Figure 7 presents the average end-to-end packet delay of the two schemes, again for n = 1−3 relays (Figure 7a) and n = 4−6 relays (Figure 7b). By applying the proposed scheme, we are able to decrease the packet delay up to 70% and 63% for the case of one and two relays, respectively. It is worth noticing that the packet delay in the baseline scheme is significantly increased for high PERRH due to the incomplete cooperation phases. More specifically, in the case of highly erroneous channels, the relays waste all of their energy without success, and the source has to re-initiate the process. However, the application of CEH-MAC guarantees that the relays have sufficient energy to retransmit the packets, reducing the expected end-to-end packet delay in the network. In addition, in most cases, we can see that CEH-MAC is able to satisfy the delay constraint of 125 ms [24], which is particularly important in medical applications.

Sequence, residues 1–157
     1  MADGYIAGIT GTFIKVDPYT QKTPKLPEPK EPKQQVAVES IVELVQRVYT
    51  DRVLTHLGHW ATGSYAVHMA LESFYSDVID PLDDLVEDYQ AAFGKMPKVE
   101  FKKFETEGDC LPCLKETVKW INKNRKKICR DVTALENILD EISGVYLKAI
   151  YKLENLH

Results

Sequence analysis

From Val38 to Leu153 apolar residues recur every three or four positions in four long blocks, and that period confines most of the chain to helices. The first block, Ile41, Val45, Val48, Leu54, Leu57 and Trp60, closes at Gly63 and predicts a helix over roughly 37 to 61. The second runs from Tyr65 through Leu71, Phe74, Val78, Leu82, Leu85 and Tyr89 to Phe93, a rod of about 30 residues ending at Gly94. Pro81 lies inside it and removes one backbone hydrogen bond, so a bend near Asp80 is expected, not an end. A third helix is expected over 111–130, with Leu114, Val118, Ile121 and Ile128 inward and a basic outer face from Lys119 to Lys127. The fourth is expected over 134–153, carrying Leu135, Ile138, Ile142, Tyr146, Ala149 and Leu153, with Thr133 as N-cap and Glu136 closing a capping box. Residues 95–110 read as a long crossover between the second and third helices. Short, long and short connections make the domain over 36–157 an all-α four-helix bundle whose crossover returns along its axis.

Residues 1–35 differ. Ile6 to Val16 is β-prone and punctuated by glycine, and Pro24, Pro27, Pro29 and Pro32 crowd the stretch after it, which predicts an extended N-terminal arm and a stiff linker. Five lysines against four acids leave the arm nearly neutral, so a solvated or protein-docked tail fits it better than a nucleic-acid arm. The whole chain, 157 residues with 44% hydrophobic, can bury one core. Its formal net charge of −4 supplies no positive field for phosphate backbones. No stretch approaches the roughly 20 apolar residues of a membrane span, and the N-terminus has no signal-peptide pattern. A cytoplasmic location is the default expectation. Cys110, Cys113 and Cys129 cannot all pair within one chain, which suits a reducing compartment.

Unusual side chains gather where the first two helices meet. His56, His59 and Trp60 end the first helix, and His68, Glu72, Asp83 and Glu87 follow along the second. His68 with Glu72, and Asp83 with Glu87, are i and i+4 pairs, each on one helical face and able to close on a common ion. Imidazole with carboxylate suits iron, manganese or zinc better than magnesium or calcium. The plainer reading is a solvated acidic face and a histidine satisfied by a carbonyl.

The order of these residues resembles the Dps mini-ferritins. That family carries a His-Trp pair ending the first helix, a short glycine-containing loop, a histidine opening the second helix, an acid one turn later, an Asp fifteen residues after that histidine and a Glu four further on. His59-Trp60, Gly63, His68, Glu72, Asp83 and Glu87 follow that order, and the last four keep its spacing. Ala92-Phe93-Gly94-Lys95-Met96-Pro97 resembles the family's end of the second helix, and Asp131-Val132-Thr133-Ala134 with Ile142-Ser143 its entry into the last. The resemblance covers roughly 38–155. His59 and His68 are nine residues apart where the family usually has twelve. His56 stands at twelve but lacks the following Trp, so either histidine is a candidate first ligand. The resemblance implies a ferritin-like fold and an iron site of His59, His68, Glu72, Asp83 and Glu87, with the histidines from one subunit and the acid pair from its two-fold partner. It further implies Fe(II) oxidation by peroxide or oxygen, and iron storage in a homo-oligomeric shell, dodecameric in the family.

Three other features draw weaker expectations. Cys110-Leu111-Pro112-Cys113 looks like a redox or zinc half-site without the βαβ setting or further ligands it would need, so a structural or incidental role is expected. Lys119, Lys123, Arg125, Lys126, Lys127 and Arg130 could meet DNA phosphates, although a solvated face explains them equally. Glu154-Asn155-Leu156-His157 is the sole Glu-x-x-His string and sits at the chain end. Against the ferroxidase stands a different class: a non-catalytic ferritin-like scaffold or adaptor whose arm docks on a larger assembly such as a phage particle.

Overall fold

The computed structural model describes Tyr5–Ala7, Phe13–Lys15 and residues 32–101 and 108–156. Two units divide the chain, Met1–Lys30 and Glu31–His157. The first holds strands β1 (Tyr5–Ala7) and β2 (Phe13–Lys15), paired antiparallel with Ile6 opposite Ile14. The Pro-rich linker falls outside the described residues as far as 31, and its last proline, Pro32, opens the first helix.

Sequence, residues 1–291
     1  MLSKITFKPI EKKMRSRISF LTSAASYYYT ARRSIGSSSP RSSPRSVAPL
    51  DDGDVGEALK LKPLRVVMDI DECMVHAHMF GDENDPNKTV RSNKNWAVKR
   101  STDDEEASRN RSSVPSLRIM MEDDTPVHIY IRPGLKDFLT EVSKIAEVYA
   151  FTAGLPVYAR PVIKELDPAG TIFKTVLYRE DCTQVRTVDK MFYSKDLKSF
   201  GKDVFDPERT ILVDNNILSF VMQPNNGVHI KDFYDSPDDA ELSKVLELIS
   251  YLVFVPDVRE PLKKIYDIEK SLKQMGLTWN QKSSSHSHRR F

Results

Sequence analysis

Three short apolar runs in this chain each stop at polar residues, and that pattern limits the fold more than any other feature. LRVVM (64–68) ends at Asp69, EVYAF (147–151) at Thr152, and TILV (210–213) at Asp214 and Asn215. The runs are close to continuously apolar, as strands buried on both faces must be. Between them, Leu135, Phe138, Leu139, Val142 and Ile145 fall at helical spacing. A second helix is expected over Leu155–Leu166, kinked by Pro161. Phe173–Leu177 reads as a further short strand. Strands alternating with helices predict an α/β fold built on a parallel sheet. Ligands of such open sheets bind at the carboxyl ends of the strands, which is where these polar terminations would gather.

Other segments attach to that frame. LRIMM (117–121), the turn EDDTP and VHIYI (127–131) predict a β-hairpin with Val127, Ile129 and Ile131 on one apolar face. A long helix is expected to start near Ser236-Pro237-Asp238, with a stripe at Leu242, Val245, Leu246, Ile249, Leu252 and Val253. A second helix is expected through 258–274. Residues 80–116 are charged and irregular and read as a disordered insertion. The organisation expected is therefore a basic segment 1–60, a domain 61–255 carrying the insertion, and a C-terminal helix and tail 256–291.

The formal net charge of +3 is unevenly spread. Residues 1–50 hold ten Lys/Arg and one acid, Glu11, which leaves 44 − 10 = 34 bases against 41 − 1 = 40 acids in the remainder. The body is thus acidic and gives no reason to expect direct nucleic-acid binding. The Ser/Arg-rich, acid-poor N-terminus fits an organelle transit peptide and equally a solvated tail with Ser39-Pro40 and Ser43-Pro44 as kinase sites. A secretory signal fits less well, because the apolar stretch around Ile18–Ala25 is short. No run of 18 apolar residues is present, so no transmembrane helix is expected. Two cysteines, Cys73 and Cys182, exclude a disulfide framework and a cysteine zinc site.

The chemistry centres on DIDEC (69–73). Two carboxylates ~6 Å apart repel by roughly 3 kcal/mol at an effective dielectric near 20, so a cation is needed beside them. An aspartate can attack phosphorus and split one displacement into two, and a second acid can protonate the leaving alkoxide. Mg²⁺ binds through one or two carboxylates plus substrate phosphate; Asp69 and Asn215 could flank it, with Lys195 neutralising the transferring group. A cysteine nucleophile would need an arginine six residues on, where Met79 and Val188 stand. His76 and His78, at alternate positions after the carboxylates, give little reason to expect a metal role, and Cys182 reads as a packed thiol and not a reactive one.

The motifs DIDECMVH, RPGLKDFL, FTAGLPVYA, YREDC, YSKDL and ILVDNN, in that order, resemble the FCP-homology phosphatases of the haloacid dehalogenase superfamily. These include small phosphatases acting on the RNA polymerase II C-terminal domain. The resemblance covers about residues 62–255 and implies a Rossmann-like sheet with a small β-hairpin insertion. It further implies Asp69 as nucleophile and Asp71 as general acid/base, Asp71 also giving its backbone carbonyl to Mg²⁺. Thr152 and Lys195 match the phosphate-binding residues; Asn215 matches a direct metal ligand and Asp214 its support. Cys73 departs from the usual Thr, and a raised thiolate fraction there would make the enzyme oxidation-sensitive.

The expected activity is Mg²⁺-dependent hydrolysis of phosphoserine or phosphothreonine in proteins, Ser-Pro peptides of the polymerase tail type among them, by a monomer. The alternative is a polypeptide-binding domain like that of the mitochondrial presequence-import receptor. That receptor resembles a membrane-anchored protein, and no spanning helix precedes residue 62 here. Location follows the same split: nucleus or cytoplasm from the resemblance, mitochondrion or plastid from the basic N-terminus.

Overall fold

Figure 8 shows the total energy efficiency in the network versus the PERRH, again for n = 1−3 relays (Figure 8a) and n = 4−6 relays (Figure 8b). As we can observe, the significant enhancement in the network performance (i.e., throughput and delay) also has a direct impact on the energy efficiency, improving it up to 274% under certain network conditions (i.e., n = 1 and PERRH = 0.7). In this figure, we also notice an interesting tradeoff in the energy efficiency of the proposed scheme. In particular, higher energy efficiency is generally observed for a smaller number of relays, since high throughput can be achieved at a lower energy cost. However, as the PERRH increases, the relative difference between the performance as a function of the relay number gradually decreases. For instance, the network achieves higher energy efficiency for n = 1 relay for low values of PERRH; however, a better performance is achieved for n = 2 relays for PERRH ≥ 0.6.